(ii) Is counterproductive

I think most of us would agree that a society engaged in work and helping its fellow human beings contribute value is productive indeed! 


It’s been shown that, in a downturn, people tend to turn to themselves as regards generating income, having perhaps lost faith in employers as secure job providers - e.g. franchise businesses tend to do well in a downturn for this reason. Recruiting is a profession that allows people to turn to themselves for work - recruiting requires hardly any startup costs, no certification and is incredibly human. If one does not identify as a professional recruiter then one has almost certainly acted as one in one way shape or form - introducing a friend to an opportunity, being a CEO and / or VC hiring talent etc. - in a way we are all, in the world of work, recruiters. 


People helping people in each other’s pursuits is human - this will never go away albeit the job composition, technology and role title for how we describe the endeavour of recruiting should and will evolve for the better.

(iii) Engineers need never apply again 

The flip side of structural unemployment is when no one applies to your job ad. Supply (i.e. talent) with the highest in demand skill set dictate terms to the demand side (i.e. employers with jobs) - we definitely see this in software engineering and, to an extent, marketing in the category that is growth tech in Europe. The irony here is that this is the largest and fastest growing area of recruiting.

Recruiters are a resilient bunch and as it is an area that lends itself to lateral thinking, breadth of skills and adaptability - good recruiters are able to relatively quickly turn to and become effective in the latest areas where demand greatly outstrips talent supply.

No matter all the platforms where jobs apply to candidates - often called vertical marketplaces - we all, as recruiters (invited or not) find a way to build relationships. I think we sometimes forget that tech is ultimately built by people. 


I can envision a future where an engineer calls their personal recruiter - just like a deal maker in the city may call their lawyer. We, ReEcho, have certainly seen this and always do our best to remind talent that we work for them as much as we act for our competitive clients - as a recruiter, I always thought that the LTV of good talent far exceeds that of clients.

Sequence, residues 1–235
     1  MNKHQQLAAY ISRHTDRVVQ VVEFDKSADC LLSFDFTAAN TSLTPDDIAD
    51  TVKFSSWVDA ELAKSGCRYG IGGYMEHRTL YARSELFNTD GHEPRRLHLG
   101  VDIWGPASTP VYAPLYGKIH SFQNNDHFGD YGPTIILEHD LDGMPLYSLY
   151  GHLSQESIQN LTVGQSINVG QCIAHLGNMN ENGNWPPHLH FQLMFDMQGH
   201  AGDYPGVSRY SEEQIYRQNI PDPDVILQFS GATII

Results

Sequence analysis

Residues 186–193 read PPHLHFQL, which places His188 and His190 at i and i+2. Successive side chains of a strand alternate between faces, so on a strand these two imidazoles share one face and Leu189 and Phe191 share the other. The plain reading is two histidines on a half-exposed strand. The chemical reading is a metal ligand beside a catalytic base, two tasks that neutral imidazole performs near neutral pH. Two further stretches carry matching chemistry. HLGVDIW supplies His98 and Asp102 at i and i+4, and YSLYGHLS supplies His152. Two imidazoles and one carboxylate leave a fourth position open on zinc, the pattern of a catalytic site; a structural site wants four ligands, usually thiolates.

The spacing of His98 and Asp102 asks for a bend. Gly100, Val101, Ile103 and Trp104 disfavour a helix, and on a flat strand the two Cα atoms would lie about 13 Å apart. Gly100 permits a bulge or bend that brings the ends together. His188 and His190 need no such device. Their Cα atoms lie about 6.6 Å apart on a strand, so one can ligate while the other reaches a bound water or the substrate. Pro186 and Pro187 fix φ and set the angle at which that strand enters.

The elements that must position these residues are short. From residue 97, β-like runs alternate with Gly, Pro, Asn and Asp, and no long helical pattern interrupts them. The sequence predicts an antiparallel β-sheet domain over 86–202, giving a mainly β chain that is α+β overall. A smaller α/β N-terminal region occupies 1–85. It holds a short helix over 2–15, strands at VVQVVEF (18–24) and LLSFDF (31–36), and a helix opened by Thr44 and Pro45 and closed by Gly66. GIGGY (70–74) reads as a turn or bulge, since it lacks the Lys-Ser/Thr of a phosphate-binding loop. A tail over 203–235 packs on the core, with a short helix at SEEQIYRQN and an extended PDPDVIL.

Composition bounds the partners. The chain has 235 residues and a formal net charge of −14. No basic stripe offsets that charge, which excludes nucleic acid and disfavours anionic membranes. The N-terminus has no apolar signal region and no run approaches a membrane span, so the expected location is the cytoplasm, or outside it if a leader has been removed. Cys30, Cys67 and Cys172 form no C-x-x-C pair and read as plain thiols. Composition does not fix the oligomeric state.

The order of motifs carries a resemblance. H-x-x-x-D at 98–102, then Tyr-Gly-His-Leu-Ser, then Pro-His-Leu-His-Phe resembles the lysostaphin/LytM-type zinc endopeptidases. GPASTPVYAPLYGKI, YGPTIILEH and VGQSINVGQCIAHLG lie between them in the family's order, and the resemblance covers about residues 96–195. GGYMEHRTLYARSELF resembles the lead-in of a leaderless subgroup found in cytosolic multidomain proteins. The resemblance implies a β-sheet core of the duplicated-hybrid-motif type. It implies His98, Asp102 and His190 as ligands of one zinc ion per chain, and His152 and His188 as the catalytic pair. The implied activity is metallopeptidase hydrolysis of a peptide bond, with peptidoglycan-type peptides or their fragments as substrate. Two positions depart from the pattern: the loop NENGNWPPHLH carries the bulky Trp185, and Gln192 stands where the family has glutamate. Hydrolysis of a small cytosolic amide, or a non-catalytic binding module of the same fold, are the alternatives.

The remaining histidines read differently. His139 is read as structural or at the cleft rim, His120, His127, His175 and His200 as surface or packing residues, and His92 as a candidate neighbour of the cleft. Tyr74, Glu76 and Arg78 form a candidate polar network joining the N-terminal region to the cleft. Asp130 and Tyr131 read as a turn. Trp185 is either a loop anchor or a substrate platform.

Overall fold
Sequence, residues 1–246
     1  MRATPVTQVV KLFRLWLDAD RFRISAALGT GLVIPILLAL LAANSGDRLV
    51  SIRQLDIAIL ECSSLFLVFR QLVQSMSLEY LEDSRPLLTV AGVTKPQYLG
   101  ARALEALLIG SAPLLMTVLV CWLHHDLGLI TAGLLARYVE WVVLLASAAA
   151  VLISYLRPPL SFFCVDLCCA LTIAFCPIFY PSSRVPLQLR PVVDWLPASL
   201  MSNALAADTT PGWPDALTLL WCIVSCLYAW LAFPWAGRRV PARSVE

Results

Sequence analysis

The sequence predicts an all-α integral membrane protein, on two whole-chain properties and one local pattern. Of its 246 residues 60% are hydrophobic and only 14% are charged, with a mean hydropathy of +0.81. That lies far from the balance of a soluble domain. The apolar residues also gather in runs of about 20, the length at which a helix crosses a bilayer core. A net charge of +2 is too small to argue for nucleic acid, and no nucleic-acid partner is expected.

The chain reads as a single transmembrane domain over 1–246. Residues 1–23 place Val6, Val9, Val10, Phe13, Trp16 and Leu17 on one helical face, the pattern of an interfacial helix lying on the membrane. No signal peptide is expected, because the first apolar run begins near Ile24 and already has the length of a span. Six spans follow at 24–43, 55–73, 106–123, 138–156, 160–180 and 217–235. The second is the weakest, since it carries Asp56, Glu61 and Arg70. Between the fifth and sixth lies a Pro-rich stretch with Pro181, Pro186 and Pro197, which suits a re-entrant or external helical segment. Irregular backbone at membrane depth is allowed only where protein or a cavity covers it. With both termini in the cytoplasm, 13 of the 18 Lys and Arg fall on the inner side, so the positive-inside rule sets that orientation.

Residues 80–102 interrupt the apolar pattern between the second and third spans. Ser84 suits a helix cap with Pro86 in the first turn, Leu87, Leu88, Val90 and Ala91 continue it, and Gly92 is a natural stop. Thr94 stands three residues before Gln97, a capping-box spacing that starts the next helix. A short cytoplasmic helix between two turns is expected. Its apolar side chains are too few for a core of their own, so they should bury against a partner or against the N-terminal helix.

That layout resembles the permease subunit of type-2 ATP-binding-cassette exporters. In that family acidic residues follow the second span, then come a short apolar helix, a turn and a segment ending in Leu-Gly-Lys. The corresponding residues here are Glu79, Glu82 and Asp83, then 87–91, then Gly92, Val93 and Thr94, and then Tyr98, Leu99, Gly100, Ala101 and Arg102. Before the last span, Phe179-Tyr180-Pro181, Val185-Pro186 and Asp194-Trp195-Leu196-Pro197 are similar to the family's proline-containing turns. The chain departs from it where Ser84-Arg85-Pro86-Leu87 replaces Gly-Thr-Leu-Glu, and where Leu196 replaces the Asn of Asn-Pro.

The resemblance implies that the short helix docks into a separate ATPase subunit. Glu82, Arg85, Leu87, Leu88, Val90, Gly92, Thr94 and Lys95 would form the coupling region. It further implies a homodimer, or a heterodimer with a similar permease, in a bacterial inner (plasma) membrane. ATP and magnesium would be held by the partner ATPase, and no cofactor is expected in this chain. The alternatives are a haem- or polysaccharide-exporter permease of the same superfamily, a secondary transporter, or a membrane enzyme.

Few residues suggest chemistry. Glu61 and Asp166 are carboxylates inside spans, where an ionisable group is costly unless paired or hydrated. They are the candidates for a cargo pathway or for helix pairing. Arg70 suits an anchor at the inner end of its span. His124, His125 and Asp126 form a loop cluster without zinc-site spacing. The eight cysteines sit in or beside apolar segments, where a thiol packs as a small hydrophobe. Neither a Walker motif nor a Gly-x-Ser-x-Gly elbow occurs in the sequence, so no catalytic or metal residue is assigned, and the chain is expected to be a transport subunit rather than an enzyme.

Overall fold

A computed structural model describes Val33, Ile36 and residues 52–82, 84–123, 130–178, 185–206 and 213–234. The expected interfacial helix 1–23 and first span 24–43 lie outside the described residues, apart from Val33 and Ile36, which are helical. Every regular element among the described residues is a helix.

So what? 

One would struggle to find a more misunderstood category than recruiting from a tech perspective. Unlike in real estate where we have seen a lot of tech innovation, recruiting seems dominated by job boards and one platform we all know of. Yet this is such a small portion of the overall market at large (recruiters place 50m people into work each year). 


How people in the labour market invest their time and trust is becoming increasingly more pertinent than money - we are definitely seeing this in the tech market that we are currently operating in. I am really excited about what we can achieve in line with this trend - with good technology and our desire to fix what’s broken with recruitment. And I am delighted to have DigiSpace join us on our mission! Nyamka found and connected with us as female founders and has already recruited Ali to join our mission alongside a few others who deserve announcement posts of their own soon. Stay tuned.

What’s next? 

We will welcome all to our platform - regardless of job title, specialism, however you identify. 

That said, being a ‘bootstrapped’ technology business (we have 2 great engineers, doing the work of 6 each currently!) we have to stagger our approach slightly. We will start in the category of European growth capital, and listen to our first users as to what might be next - all ultimately with the goal of creating more human and valuable hiring experiences for everyone.

Ready for a more balanced, human recruitment experience? Join our waiting list today.

Written by Hanna Sanford